Here's Battelle's on take on the panel...and his six hours sitting on the tarmac at JFK.
Digitas' The NEWFRONT 2011, showcased 'Unstaged' where brand meets content on the digital frontier to bring in-concert and at-home viewing experiences to it's greatest heights yet. Proving that the music experience is alive and well; transforming to deliver music everywhere the fans are and in ways that they want to hear it.
"Unstaged", is a series featuring breakthrough artists playing at landmark venues across the country, while tapping influential filmmakers to direct the live-streams and infusing digital & social media to connect the online audience to the live shows in unexpected ways. The series kick-off featured the musical genius of John Legend & the Roots teamed with the always surprising Spike Lee.
Read the rest on Yahoo! Scene
Billed as a funny man as he took the stage at Digitas' The NewFront, Ashton Kutcher tried to lower the bar by telling audience not to expect great jokes. Of course he proceeded to tell jokes and get laughs.
He then launched into a "digital rant" as his wife, Demi Moore - sitting with Soliel Moon Frye and The Conversation's Amanda de Cadenet - looked on. Kutcher, along with telling the audience how much he hates advertising, told the story of a man who invented the headlight as an example of creating a product that fulfilled a need. Of course he went in to "invent" many other things including the Indy 500. Point of the story is that if you identify a need, people just might show up. But you have to be disruptive to get people's attention.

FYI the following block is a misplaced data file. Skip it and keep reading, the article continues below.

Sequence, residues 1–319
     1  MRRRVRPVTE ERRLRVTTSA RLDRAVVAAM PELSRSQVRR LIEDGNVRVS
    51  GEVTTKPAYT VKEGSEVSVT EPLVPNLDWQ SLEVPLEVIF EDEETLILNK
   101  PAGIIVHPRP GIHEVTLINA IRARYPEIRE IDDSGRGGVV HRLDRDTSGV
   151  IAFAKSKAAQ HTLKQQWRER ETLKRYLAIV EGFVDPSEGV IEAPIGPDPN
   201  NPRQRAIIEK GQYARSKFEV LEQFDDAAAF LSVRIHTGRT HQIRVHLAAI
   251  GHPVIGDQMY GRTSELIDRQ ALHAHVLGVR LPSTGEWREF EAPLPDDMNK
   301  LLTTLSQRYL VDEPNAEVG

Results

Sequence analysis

Read the rest on Yahoo! Scene.
T-Mobile makes another cultural coup with its ongoing and highly social "Life is for sharing" campaign. On May 11 in Barcelona, the firm set up a huge live Angry Birds installment inviting people to play.
A few curious stragglers were drawn to a booth, where they found a smartphone with Angry Birds loaded. They'd casually draw the slingshot back (the birth of an addiction) -- and find to their surprise that the result was replicated in real life. It goes without saying that a crowd formed fast.
...yeah, we said "want kids," not "screw maniacally" (which can sometimes lead to weebs, but ones this awesome? Less likely.)
This Tony Kelly-directed piece of beauty is about two boys, their intimacy, their engagement and their differences. The story is loose at best but you're not watching it for that; you're watching because it's beautiful, and because it all slips by you to the tune of Debussy's Clair de Lune.
If it feels aimless and ephemeral, that's part of what makes it precious.
Quirky yet delightful Spanish firm PeSeta has partnered with designer Marc Jacobs to produce the Marc Jacobs PeSeta Sailor Backpack, a harmonious marriage of sailor utility and sailor kitschy-chic.
And what better way to promote a line of sailor bags than with a sailor having an ass-shaking bag-inspired fetish fest all over a dock? At least that's what one of their ad people must have been thinking, and evidently the whole world unanimously agreed, because they gave us this magnificent piece of work.